Kinect Vision, Mapping, and Navigation in ROS
Simultaneous Localization and Mapping (SLAM) is one of the most popular advanced robotics concepts, and many ROS packages make it more than simple to get working. In fact, while this tutorial is the most computationally advanced, it will require writing the least code. You'll see how the reusable packages in the ROS environment can be used together to achieve complex functions. Then we'll set up a basic program for autonomous navigation to keep your robot bouncing around walls.
First things first, lets get the Kinect working and sending data through ROS using the libfreenect library. It is integrated into ROS as the package freenect_stack. This tutorial was made using the original Kinect v1 for Xbox, but it may be possible to use the newer Kinect v2 ("Kinect for Windows") with libfreenect2.
- Install the libfreenect stack:
sudo apt install ros-kinetic-freenect-stack
- Connect the Kinect to your computer and test the Kinect stack by running the convenient launch file (depth registration refers to the pairing of color data with depth points):
roslaunch freenect_launch freenect.launch depth_registration:=true
- Open up rviz in a separate terminal window (press
ctrl + shift + Tto open a new terminal tab):
rosrun rviz rviz
- In the rviz options panel on the left, change Global Options > Fixed Frame to
- In rviz add a new PointCloud2. Set its topic to
- Wait a few seconds for the point cloud to show up. You may need to rotate the viewport around to see it.
- Play around with some of the different topics being sent out by the Kinect.
Mapping and Localization
Because the MMM robot does not have wheel encoders, as we encountered in the tf tutorial, we will need another method of determining its location in the environment. In the tf tutorial, we made a very basic simulator, but this isn't accurate enough for mapping. Luckily there are other approaches to this problem that involve active localization while 3D mapping. The tool we will use to generate a map of the test space is called rtabmap.
- Install the rtabmap package for ROS:
sudo apt install ros-kinetic-rtabmap-ros
- Due to a bug in rtabmap, you need to specify the location of a particular library by adding a variable to your bash session and restart your terminal:
echo export LD_LIBRARY_PATH=$LD_LIBRARY_PATH:/opt/ros/kinetic/lib/x86_64-linux-gnu >> ~/.bashrc
- Start up the Kinect ROS nodes like before:
roslaunch freenect_launch freenect.launch depth_registration:=true
- Now start the rtabmap mapping tool. There are 2 optional interfaces, one in rviz and another specific to rtabmap. You can launch the rviz one with this command:
roslaunch rtabmap_ros rgbd_mapping.launch rtabmap_args:="--delete_db_on_start" rviz:=true rtabmapviz:=false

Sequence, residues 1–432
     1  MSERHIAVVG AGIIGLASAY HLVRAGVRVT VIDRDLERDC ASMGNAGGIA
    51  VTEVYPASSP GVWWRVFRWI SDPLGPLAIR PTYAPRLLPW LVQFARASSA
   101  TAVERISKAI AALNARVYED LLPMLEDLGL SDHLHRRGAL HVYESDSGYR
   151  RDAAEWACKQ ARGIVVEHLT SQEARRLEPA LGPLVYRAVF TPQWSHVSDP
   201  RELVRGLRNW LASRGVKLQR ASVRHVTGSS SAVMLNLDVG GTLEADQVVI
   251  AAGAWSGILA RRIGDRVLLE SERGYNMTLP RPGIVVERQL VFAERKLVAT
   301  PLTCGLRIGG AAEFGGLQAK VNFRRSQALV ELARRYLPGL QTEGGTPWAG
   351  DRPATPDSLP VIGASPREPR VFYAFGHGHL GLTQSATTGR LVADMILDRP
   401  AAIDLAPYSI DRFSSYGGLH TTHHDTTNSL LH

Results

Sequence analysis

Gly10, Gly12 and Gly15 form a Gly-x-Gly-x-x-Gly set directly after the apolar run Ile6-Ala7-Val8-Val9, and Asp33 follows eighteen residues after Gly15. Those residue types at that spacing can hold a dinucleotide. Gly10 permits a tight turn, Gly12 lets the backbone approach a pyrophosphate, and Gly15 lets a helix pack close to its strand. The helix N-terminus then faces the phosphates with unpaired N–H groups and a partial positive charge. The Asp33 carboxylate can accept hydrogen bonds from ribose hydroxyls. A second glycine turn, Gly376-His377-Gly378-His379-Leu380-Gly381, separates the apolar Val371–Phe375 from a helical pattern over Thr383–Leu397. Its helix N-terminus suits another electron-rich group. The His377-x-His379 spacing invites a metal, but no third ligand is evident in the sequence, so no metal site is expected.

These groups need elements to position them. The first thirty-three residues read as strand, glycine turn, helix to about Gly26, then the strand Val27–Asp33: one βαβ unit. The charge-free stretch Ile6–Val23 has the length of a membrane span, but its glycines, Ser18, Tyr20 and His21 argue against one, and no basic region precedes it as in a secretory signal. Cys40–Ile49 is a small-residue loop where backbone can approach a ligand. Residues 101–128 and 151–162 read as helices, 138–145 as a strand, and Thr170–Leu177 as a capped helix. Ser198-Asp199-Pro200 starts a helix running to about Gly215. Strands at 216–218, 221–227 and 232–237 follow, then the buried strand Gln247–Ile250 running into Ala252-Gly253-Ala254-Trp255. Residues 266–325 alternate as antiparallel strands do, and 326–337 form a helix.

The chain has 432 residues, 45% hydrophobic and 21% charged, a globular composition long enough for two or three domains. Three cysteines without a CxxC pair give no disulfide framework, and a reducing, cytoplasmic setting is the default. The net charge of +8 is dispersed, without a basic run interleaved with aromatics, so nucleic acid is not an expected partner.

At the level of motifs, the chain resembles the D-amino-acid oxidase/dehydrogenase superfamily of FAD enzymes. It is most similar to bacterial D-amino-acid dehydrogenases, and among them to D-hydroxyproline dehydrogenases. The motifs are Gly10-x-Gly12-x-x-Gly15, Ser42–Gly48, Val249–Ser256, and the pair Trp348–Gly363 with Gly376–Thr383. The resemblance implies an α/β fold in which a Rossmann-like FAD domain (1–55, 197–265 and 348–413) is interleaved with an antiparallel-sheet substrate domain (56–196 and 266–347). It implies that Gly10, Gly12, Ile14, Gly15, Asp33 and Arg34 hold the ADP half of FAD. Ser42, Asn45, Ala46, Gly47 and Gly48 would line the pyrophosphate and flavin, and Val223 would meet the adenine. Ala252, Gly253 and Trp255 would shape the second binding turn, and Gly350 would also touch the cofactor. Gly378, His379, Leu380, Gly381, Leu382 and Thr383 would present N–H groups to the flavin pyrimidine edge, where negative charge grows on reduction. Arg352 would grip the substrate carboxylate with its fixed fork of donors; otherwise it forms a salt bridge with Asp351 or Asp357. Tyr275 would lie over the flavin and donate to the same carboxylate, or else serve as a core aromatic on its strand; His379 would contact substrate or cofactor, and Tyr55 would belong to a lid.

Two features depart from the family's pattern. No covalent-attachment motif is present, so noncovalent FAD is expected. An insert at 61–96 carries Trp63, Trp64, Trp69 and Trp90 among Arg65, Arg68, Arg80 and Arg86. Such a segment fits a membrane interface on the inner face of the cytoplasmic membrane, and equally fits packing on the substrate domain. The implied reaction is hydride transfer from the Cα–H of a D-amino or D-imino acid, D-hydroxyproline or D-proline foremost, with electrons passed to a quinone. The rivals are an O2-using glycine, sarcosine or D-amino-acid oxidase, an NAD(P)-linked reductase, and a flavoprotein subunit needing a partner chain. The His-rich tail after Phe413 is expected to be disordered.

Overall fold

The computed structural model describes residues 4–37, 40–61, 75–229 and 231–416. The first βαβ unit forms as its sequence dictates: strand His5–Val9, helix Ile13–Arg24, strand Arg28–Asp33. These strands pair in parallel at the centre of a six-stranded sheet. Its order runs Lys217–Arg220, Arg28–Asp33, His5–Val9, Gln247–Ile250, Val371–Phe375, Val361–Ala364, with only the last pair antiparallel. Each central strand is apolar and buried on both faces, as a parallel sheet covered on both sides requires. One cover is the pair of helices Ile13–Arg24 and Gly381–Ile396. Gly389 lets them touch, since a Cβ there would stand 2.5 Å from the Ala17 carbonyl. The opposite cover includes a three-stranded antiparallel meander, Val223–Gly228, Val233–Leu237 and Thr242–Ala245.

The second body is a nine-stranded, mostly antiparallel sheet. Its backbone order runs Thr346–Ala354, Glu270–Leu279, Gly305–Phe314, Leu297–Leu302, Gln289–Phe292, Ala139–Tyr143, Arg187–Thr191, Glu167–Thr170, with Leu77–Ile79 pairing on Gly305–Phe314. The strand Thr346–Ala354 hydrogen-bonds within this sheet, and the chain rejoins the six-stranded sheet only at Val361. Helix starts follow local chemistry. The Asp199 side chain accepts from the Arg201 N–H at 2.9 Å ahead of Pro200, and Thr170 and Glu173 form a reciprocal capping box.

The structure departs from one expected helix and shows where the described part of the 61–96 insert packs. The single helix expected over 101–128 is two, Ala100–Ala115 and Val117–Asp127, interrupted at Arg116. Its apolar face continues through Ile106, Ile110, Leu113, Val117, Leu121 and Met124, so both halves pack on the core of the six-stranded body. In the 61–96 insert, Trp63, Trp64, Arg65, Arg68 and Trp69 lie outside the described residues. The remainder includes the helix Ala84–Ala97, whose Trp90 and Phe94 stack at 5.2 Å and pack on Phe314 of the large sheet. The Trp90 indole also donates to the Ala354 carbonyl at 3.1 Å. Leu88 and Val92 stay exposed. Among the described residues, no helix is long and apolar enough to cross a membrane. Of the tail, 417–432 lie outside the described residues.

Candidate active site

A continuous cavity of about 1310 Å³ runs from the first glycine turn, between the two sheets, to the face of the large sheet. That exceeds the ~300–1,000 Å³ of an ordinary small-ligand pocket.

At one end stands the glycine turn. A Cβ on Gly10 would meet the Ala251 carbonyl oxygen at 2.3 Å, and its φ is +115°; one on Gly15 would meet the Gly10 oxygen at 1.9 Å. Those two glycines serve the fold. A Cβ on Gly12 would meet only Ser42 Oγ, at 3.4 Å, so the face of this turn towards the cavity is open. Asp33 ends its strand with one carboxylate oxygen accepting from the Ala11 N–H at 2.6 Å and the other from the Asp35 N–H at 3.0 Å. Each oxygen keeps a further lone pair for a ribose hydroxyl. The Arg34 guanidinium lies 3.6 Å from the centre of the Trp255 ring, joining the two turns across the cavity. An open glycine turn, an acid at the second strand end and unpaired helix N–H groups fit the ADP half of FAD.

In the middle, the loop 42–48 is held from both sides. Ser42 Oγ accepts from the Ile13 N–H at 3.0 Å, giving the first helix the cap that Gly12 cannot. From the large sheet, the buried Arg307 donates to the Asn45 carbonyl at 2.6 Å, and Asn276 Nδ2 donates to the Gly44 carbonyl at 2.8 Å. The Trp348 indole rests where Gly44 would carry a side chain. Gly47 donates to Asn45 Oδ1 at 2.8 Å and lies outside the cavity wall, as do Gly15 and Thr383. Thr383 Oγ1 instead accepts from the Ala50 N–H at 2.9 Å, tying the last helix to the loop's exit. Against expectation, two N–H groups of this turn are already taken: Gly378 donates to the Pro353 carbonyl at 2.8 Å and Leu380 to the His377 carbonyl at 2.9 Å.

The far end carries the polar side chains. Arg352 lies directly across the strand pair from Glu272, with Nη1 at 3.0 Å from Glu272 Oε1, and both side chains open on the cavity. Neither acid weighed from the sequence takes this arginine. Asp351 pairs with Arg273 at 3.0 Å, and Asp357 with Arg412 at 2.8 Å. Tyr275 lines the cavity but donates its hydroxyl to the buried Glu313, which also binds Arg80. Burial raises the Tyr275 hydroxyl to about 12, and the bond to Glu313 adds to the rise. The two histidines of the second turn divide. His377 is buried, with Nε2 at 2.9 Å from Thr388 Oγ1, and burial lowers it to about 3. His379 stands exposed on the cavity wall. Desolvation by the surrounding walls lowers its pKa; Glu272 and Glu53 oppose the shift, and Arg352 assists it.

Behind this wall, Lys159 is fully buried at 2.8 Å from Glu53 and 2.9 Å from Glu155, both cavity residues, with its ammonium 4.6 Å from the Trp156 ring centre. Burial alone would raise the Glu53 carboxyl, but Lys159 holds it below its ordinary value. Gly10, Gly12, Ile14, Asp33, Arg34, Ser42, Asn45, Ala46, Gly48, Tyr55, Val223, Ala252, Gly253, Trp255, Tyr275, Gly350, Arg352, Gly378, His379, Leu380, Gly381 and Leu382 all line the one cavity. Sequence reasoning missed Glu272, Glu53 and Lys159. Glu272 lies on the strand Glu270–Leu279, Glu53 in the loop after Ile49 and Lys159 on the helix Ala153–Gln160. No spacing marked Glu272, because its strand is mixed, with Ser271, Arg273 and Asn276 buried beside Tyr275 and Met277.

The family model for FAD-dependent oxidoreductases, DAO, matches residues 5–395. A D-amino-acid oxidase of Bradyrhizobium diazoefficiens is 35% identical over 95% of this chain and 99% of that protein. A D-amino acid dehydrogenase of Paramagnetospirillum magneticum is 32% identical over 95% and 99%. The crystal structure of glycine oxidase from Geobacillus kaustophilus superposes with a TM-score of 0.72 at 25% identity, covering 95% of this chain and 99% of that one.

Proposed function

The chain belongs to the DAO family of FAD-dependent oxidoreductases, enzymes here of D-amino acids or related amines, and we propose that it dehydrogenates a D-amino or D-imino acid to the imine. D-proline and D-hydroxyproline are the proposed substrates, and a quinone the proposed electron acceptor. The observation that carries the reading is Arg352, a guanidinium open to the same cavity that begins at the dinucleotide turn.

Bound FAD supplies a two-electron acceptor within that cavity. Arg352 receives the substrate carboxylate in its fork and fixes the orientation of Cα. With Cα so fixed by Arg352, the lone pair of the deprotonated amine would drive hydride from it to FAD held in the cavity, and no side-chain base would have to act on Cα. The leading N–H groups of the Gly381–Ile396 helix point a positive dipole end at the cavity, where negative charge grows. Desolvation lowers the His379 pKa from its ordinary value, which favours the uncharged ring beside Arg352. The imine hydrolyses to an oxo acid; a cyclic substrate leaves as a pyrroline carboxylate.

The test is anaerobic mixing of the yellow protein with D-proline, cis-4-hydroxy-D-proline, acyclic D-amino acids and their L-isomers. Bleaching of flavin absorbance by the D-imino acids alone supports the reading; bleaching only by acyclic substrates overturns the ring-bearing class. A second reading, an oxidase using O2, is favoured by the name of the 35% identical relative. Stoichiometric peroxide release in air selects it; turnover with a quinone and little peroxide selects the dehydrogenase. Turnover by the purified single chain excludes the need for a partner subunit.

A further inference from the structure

The non-rviz one is launched with this command:
roslaunch rtabmap_ros rgbd_mapping.launch rtabmap_args:="--delete_db_on_start"
- Once the imagery loads, move the Kinect around with your hands, and rtabmap will update the position of the camera. If you move the camera too fast, it may lose track of where it is, and you will have to return it to point where it was so it can regain odometry.
Eventually, you might see something like this:
Assuming that those tests worked, we can set up a launch file to start the Kinect, rtabmap, and the teleop node to you can drive the MMM robot around. First, create a new package named
mmm_kinect and give it a few dependencies, which we'll be using later.
cd ~/catkin_ws/src/ catkin_create_pkg mmm_kinect rospy freenect_launch freenect_camera sensor_msgs rtabmap_ros cv_bridge
Create a launch file named
mapping.launch in the package and add the following contents
<launch> <include file="$(find mmmros)/launch/mmm.launch"/> <param name="mmm/port" value="/dev/ttyACM0"/> <include file="$(find freenect_launch)/launch/freenect.launch"> <arg name="depth_registration" value="true"/> </include> <include file="$(find rtabmap_ros)/launch/rgbd_mapping.launch"> <arg name="rtabmap_args" value="--delete_db_on_start"/> <arg name="rviz" value="true"/> <arg name="rtabmapviz" value="false"/> </include> <node pkg="mmm_teleop" name="mmm_teleop" type="teleop_node.py" output="screen"/> </launch>
Launch it with
roslaunch mmm_kinect mapping.launch and drive the robot around to build up the map!
To get started in the world of robot navigation, we'll write a very simple python ROS node to have the robot bounce around walls. Using depth data from the Kinect, it will keep driving straight until it sees an obstacle, at which point it will turn until the obstacle is no longer in the way and keep on driving. This could be useful for autonomously mapping a room, but keep in mind that the Kinect's power cord is an issue that you'll have to work around. There are tutorials online for hacking the Kinect's power supply so it can run off of your robot's batteries and be more mobile. We won't cover that here, but be aware that it requires destroying a Kinect power supply and potentially some additional hardware.